Custom Art Harmony 8.2 (€1100)
The Aether and its fellow countryman, the Harmony 8.2, fall within a common demographic. Similarly equipped with neutral-warm tonalities and bodied presentations, both strive to impress via musicality first. Where they ultimately differ is in approach; the Aether dazzles with energy and vibrancy, whereas the H8.2 seduces with intimacy and warmth.
Of the two, the H8.2 has the technically stronger bass. Although it can’t quite match the Aether’s bass richness, power and atmosphere, it’s the clear winner in rumble, resolution and cleanliness. They’re tonally similar down low, but in terms of texture, the H8.2’s bass is drier and more compact against the Aether’s wetter and looser approach.
The midrange is where the two contrast most. Unlike the Aether’s snappier, sparklier and airier delivery, the H8.2 places its emphasis on lower-midrange body. As a result, the H8.2’s midrange is warmer and less clear-cut, losing out to the Aether on openness, clarity and finesse. Vocal presentation, though, is served with a greater sense of forwardness, gusto, resolution and strength, whereas the Aether puts its focus on depth and articulation.
The treble, on the other hand, is probably where the two compatriots are most alike. Both the H8.2 and the Aether are attenuated in the top-end to produce natural, non-fatiguing and easy-going tonalities. The H8.2’s treble is attenuated to a larger degree (leading to a darker and less-resolving overall tone), but it has a grainier and more tangible texture – almost like film grain – compared to the Aether’s smoother and more elegant presentation. The Aether, though, trumps it in extension; providing a more stable, coherent, and consistent stage throughout its entire presentation.
Empire Ears Athena-VIII ADEL ($1429.99)
The Athena-ADEL – similar to both the H8.2 and the Aether – is driven by a fun, fatigue-free and laid-back approach to sound. However, its implementation of ADEL technology is where it really diverges from the beaten path. The result: An IEM that soothes with smoothness, warmth and body, but with a healthy dose of air thrown into the mix.
The Aether and the Athena-ADEL present bass in two wildly different ways. While the Aether excels in radiation and oomph, the Athena-ADEL endows its lower registers with softness and air. Both have rich low-ends that bloom without much rumble or physicality, but the Athena-ADEL compensates with light and clarity. The Aether, on the other hand, doubles down on fun, happily throwing ultimate resolution out the window in exchange.
Now, because the Athena-ADEL displays its low-end in such a delicate manner, it relies on midrange warmth to equip its vocal and instrumental presentation with thickness and weight. Unlike both the Aether and H8.2, the Athena-ADEL has a linear bump across the entirety of its middle registers. This means it focuses on neither articulation nor intimacy, instead relying on its sheer size to engage the listener. This is where the effects of the ADEL module are most prevalent; vocals are stretched sidewards and upwards to form a huge wall of sound. The Aether’s midrange presentation, by comparison, is more compact and energetic, engaging the listener with short bursts of excitement rather than long stretches of smoothness and warmth.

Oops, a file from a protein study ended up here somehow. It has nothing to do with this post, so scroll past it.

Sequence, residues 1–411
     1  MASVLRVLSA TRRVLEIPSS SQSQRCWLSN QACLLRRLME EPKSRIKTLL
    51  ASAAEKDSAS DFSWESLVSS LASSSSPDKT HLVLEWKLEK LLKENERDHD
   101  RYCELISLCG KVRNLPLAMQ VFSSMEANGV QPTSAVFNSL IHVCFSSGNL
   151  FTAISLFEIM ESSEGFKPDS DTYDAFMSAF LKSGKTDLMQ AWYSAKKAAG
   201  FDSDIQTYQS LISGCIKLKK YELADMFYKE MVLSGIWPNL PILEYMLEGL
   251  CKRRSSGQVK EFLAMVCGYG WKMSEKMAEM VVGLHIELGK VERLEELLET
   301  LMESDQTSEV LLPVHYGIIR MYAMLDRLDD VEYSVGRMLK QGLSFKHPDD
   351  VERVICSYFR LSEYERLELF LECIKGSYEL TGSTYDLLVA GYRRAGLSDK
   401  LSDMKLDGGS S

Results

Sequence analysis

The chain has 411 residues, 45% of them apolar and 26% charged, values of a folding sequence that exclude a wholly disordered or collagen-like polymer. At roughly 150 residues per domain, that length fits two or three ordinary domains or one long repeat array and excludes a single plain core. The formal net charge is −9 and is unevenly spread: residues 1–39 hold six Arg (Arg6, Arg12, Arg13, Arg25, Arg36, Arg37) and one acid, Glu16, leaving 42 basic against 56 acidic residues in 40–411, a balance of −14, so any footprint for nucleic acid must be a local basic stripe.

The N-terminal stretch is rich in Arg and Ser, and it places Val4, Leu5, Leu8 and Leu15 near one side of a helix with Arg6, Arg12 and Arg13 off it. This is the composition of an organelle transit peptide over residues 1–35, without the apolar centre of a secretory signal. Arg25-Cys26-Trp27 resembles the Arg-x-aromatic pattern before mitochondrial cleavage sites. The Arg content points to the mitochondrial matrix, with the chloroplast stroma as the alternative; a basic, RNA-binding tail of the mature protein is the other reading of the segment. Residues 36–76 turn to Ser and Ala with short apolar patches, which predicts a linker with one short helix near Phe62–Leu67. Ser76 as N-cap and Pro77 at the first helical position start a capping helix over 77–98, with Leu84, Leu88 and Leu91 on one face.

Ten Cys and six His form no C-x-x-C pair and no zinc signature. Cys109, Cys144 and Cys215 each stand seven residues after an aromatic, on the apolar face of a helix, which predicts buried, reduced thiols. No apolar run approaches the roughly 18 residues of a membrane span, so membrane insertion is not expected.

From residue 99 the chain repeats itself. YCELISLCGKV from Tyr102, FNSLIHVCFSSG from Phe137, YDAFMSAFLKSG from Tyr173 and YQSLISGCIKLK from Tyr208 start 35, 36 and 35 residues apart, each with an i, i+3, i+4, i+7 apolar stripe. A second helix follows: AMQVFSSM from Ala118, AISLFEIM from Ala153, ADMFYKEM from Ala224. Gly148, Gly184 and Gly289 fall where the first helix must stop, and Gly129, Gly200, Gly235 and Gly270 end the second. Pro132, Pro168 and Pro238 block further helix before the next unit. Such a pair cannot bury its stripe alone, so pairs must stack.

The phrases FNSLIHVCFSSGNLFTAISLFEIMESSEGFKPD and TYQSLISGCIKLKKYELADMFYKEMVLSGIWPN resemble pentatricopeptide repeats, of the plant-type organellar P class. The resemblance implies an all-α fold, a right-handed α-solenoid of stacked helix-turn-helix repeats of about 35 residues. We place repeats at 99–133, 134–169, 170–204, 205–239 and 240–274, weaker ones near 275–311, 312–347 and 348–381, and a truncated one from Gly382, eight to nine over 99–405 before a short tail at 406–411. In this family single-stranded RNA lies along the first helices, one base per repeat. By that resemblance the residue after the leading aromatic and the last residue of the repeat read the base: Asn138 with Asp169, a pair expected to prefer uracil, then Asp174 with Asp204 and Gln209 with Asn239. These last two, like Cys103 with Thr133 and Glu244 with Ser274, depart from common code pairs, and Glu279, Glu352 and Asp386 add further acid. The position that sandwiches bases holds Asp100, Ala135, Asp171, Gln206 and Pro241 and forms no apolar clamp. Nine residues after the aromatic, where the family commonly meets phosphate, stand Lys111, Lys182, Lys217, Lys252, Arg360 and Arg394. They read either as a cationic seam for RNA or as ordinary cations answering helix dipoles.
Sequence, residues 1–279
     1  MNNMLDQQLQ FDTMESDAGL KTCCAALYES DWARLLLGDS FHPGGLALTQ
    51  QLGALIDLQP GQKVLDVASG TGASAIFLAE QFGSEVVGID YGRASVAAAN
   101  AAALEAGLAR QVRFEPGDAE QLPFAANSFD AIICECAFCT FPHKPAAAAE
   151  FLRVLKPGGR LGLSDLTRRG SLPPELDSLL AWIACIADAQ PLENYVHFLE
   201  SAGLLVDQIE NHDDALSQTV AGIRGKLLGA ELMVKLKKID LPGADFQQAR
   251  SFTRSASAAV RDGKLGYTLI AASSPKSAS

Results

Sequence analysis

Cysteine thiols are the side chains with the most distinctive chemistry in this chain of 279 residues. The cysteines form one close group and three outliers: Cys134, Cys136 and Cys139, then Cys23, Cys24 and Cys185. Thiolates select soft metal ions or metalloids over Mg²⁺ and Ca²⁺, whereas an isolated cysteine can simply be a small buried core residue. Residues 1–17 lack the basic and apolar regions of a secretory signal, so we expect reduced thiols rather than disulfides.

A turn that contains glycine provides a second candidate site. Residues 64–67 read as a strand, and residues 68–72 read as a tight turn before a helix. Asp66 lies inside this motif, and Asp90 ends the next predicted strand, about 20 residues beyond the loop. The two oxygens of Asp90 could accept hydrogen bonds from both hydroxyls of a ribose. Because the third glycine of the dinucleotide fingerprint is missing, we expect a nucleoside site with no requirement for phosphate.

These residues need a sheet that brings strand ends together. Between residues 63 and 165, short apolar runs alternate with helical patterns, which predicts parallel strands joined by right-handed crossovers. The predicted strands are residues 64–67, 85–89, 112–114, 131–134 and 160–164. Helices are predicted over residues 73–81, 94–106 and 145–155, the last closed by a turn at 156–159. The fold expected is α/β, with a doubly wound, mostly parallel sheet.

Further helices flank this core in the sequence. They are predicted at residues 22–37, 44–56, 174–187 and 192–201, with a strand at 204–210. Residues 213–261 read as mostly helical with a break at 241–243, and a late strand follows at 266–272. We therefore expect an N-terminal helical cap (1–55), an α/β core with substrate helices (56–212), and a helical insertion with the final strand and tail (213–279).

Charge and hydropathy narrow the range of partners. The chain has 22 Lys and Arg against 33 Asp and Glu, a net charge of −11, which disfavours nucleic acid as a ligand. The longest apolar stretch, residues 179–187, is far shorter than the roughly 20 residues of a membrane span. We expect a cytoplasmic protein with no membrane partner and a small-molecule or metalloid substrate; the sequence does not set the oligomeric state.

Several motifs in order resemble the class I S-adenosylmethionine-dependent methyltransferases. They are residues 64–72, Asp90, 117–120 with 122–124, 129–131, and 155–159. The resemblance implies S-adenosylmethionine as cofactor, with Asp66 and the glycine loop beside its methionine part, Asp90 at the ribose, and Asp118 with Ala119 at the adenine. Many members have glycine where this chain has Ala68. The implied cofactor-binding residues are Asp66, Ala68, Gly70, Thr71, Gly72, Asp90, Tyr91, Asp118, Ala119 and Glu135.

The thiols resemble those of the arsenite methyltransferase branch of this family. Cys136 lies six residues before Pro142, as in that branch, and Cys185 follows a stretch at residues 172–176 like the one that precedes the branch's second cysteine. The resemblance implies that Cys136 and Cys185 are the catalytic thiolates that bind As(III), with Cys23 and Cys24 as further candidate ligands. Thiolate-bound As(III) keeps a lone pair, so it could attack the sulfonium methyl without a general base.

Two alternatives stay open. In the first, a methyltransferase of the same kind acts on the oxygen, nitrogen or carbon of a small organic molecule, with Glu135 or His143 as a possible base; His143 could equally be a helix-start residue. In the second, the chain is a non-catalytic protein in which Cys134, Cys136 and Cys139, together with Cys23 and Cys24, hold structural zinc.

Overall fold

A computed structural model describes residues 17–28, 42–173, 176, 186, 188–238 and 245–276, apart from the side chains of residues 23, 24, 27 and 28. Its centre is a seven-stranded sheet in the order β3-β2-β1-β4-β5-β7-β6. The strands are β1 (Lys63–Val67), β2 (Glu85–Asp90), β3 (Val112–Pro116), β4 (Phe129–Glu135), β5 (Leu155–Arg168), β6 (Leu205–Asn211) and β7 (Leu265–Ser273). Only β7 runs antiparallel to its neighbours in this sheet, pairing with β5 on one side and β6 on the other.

In order to compensate for its modest midrange sparkle, the Athena-ADEL is equipped with a brighter treble. It adorns the midrange with clarity and air – sparing it from congestion – and alleviates its inherent richness; essentially serving the same role as the Aether’s upper midrange. Although it also shares the meatiness, roundedness and smoothness of the Aether’s top-end, it is less natural in tone, and less transparent as a result. The Athena-ADEL’s treble layers and resolves about as capably as the Aether’s does, but is less adaptive and forgiving when it comes to coherence and prominence.
The Lime Ears Aether is a fervent and unapologetic rockstar. It may be a bit loose around the edges, and it isn’t the most romantic of souls, but it is the pure, unadulterated essence of fun; alluring, exhilarating, and devilishly delicious. Built upon a foundation of masterful tonal balance and striking presentations of clarity and air, the Aether is bolstered by sheer musical charisma, with proper technical performance just lurking underneath. And, while it may have sacrificed a tiny bit of resolution for atmosphere, an ounce of vocal density for articulation, and the last word on transparency for warmth all along the way, among the plethora of IEMs I’ve heard thus far, it is one of the prestigious few that can pull off a near-perfect balance of them all at the same friggin’ time. The Lime Ears Aether is an absolute powerhouse, and it is a tantalisingly promising precedent to what else the Polish company has to offer.